2.5.5 Measurement Invariance Comparison Databases

To determine model invariance across languages, comparisons were made between the Spanish participants in this study and respondents to the English version of the ASI-MV for the entire assessment and each ASI domain separately. We compared the fit of the restricted model, in which factor loadings are kept constant across the language groups, with the fit of the unrestricted model where factor loadings are allowed to vary across groups. Traditional tests of measurement invariance involve calculating the difference in chi-square (Δχ2), which if significant, suggests non-model invariance (Byrne, 1994). This method, however, has been criticized due to the sensitivity of the χ2 to sample size (e.g., Brannick, 1995; Cheung & Rensvold, 2002). Cheung and Rensvold (2002) have shown that the difference in the Comparative Fit Index (ΔCFI) is not prone to these limitations, and that a ΔCFI of more than .01, in favor of the unrestricted model, suggests non-model invariance (that is, ΔCFI less than .01 supports model invariance). Measurement invariance of the S–ASI–MV was tested against an existing database of 986 English ASI-MV administrations drawn from four studies conducted by our research team from 1997 to 2003.

3.0 Results

3.1 Client Participants’ Characteristics

Demographic data were obtained from answers to the S–ASI–MV. Characteristics of the overall sample and by study are summarized in Table 1. Note the overall sample was comprised mostly of men (82.7%), all of whom were Spanish-speakers from Cuban (32.4%), Mexican-American (37.8%), and Puerto Rican (26.5%) backgrounds (with 3.2% indicating unknown). Most participants cited cocaine (37.8%) as their primary substance of abuse, followed by alcohol (23.2%) and heroin (16.2%). Finally, mean education was 10.5 years (SD = 3.0) with more than a quarter of the sample (27%) having less than 9th grade education and more than half (56.2%) having less than a high school education.

Table 1
Demographic Characteristics of Participants in Overall Sample and by Study

3.2 Test-Retest Reliability

Test-retest reliability correlations are presented in Table 2 for the composite scores and for the computer-generated estimation of the severity rating. Of the 77 clients in this study, 75 (97.4%) completed both the Time 1 and Time 2 testing session. Both Pearson correlations and ICCs are presented. Test-retest for the composite scores are good, ranging from a low ICC of .59 (.60 Pearson r) for the family domain, to a high of .93 (ICC and Pearson) for the employment domain. For the severity ratings, the test-retest reliability coefficients were also good, ranging from a low of .69 (ICC and Pearson) for the employment domain to a high of .89 (ICC and Pearson) for the psychiatric domain.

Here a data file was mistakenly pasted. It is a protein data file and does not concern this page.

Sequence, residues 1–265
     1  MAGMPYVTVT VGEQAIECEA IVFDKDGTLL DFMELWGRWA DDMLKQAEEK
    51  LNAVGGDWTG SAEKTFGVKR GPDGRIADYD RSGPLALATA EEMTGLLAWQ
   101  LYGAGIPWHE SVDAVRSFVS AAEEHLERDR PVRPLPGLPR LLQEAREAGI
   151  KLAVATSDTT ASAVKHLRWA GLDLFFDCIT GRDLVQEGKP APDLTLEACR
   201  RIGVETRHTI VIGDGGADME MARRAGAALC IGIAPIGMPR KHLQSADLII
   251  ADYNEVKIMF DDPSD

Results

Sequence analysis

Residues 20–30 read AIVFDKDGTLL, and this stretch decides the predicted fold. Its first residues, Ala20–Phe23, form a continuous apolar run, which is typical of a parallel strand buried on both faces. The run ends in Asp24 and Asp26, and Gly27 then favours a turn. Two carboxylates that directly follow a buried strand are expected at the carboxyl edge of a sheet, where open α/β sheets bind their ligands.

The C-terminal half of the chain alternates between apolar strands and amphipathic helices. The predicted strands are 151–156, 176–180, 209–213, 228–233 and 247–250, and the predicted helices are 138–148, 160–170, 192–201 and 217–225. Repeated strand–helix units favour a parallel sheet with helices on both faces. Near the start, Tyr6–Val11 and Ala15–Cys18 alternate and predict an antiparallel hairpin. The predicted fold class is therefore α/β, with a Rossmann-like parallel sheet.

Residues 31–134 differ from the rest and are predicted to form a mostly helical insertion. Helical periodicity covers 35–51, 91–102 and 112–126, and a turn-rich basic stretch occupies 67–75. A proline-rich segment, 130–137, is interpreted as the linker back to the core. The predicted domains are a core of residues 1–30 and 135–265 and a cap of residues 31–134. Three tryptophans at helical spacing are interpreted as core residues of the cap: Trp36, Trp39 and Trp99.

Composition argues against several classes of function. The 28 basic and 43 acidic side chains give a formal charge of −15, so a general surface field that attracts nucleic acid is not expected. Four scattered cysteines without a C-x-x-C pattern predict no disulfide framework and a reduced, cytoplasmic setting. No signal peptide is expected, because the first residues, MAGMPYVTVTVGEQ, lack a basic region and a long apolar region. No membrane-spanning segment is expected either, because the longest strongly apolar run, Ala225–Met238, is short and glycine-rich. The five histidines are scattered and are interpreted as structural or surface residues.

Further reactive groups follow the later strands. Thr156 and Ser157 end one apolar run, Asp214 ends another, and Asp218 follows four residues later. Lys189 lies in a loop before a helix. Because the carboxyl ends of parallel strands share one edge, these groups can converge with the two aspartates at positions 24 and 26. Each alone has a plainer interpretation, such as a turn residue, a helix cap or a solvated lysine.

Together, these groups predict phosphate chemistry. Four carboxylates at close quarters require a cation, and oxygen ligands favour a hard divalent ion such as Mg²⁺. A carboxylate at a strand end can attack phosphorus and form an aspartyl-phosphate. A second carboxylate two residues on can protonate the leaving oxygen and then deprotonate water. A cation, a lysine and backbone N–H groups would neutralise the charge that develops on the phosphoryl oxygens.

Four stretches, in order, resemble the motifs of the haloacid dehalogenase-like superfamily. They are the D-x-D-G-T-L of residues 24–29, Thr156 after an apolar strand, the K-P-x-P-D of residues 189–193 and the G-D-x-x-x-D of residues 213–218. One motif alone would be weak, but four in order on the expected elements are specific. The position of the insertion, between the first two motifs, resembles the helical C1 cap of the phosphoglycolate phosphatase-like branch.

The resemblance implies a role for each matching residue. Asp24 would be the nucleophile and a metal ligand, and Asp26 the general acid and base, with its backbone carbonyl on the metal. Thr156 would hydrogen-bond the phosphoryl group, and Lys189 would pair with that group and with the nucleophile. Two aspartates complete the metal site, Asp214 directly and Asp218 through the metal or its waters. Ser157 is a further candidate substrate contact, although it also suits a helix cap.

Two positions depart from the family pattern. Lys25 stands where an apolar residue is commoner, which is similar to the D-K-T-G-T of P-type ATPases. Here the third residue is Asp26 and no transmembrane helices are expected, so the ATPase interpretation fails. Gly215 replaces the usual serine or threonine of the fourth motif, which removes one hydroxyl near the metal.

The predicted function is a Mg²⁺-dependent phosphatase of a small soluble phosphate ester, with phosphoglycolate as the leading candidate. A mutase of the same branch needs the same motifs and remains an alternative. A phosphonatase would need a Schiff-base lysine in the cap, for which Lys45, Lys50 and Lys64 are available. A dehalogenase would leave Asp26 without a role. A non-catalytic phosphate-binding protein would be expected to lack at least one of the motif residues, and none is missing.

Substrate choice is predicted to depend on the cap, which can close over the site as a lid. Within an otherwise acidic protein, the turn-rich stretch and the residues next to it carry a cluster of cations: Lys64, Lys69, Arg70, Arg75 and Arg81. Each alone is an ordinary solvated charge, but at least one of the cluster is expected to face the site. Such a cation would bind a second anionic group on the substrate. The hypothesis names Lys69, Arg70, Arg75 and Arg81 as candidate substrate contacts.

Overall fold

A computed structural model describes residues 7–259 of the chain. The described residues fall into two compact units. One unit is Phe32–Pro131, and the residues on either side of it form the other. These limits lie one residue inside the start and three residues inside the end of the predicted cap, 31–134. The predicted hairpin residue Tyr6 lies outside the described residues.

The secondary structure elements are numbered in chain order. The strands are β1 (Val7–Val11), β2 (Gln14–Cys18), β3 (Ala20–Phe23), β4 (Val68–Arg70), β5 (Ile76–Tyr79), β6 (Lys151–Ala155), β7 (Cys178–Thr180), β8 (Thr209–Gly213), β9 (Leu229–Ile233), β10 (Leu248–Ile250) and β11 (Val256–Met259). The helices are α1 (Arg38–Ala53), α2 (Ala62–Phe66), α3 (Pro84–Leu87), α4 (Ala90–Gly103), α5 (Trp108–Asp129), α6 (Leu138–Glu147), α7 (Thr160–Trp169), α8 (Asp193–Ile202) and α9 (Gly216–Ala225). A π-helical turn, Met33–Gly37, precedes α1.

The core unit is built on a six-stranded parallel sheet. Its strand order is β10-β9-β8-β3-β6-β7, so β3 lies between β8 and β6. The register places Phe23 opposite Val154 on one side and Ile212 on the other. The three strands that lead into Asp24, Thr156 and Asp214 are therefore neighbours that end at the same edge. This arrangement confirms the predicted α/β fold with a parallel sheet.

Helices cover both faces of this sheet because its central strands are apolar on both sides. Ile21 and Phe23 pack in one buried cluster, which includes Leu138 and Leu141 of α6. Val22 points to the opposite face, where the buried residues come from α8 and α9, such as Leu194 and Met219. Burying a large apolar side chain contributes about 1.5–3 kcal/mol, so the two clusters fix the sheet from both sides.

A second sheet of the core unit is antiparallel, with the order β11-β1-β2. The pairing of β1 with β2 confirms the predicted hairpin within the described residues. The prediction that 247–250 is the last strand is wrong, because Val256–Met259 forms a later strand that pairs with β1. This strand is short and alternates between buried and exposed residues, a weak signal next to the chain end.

Table 2
Test-retest and Criterion Validity Results

3.3 Criterion Validity

Criterion validity contrasts the measure to be validated against some criterion or “gold standard” (Anastasi, 1976; Nunnally, 1978). For the S-ASI-MV, the “gold standard” was the interviewer-administered ASI. Of the 83 participants in the study, 97.6% (N = 81) completed both administrations. The correlations obtained between composite scores for the S–ASI–MV and the interviewer-administered version were positive, highly significant (p < .001), and generally of reasonable magnitude. As can be seen in Table 2, the correlations for the composite scores between the S–ASI–MV and the interviewer-administered version ranged from an r of .66 for the drug domain to a high of .87 for the alcohol domain.

To determine inter-rater reliability, one must view the S-ASI-MV as an “interviewer” whose inter-rater reliability must be established with live interviewers who have undergone the standard ASI interviewer training program. From this perspective, the ICC, which is typically used as an index of inter-rater reliability to examine the correspondence of the ratings of two or more raters, may be the most appropriate statistic (McGraw & Wong, 1996). Interpretations of the magnitude of ICCs generally assume that values greater than .80 represent perfect agreement, .61 to .80 is substantial, .41 to .60 is moderate, and .21 to .40 is fair reliability (Landis & Koch, 1977).

Examination of the ICCs demonstrates that reliability of the S–ASI–MV composite scores and severity ratings is good. For composite scores, the lowest ICC is for the drug domain (ICC = .64, in the “substantial” agreement range) with ICCs for both the employment and alcohol domains (ICC = .93 and .83, respectively, both of which are in the “excellent” agreement range). Similarly, for severity ratings, the lowest is for the employment domain (ICC = .60, in the “moderate” agreement range), with all other domains in the “substantial” agreement range.